Matching into competitive surgical residencies: predictors of success

Jacob S. Nasser, Anthony R. Artino, Terry Kind, Xuejing Duan, Angela P. Mihalic, Katherine Chretien

Research output: Contribution to journalArticlepeer-review

Abstract

Evidence-informed data may help students matching into competitive residency programs guide curricular activities, extracurricular activities, and residency career choices. We aimed to examine the characteristics of students applying to competitive surgical residencies and identify predictors of matching success. We identified the five lowest match rates for the surgical subspecialities listed in the 2020 National Resident Matching Program report to define a surgical residency as competitive. We analyzed a database from 115 United States medical schools regarding application data from 2017 to 2020. Multilevel logistic regression was used to determine predictors of matching. Statistical significance was set at p < 0.05.A total of 1,448 medical students submitted 25,549 applications. The five most competitive specialties included were plastic surgery (N = 172), otolaryngology (N = 342), neurological surgery (N = 163), vascular surgery (N = 52), orthopedic surgery (N = 679), and thoracic surgery (N = 40). We found that medical students with a geographical connection (adjusted OR, 1.65 [95% CI, 1.41 to 1.93]), and students who did an away rotation at the applied program (adjusted OR, 3.22 [95% CI, 2.75 to 3.78]) had statistically significantly increased odds of matching into a competitive surgical specialty. Furthermore, we found that students with a United States Medical Licensing Examination (USMLE) Step 1 score below 230 and Step 2 Clinical Knowledge (CK) score below 240 had increased odds of matching if they completed an away rotation at the applied program. Completing an away rotation and geographical connection to the institution may contribute more than academic criteria for selection into a competitive surgical residency after an interview. This finding may be due to less variation in academic criteria among this pool of high-performing medical students. Students with limited resources who apply to a competitive surgical specialty may be at a disadvantage given the financial burden of an away rotation.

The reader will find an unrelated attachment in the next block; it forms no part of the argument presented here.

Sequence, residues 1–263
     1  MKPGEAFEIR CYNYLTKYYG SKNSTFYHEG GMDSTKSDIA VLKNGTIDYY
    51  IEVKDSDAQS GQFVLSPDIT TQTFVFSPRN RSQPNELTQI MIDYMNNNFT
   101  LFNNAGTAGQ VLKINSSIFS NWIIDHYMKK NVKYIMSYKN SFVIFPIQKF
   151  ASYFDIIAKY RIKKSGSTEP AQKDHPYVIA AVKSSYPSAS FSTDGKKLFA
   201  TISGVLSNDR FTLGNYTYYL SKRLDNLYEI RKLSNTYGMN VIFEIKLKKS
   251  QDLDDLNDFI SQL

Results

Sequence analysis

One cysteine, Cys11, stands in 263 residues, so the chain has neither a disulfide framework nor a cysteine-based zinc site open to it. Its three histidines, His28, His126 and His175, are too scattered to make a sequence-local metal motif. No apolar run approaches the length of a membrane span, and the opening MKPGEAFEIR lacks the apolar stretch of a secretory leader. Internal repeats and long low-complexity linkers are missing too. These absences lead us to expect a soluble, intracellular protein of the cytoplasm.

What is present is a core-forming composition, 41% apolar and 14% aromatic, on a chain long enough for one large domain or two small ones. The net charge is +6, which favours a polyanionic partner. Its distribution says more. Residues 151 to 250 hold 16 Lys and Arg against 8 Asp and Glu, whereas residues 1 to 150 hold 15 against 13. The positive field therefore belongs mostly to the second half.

Original languageEnglish (US)
Article number2189558
JournalMedical education online
Volume28
Issue number1
DOIs
StatePublished - 2023

Keywords

  • Residency programs
  • medical education
  • medical students
  • residency match
  • surgical specialties

ASJC Scopus subject areas

  • Education

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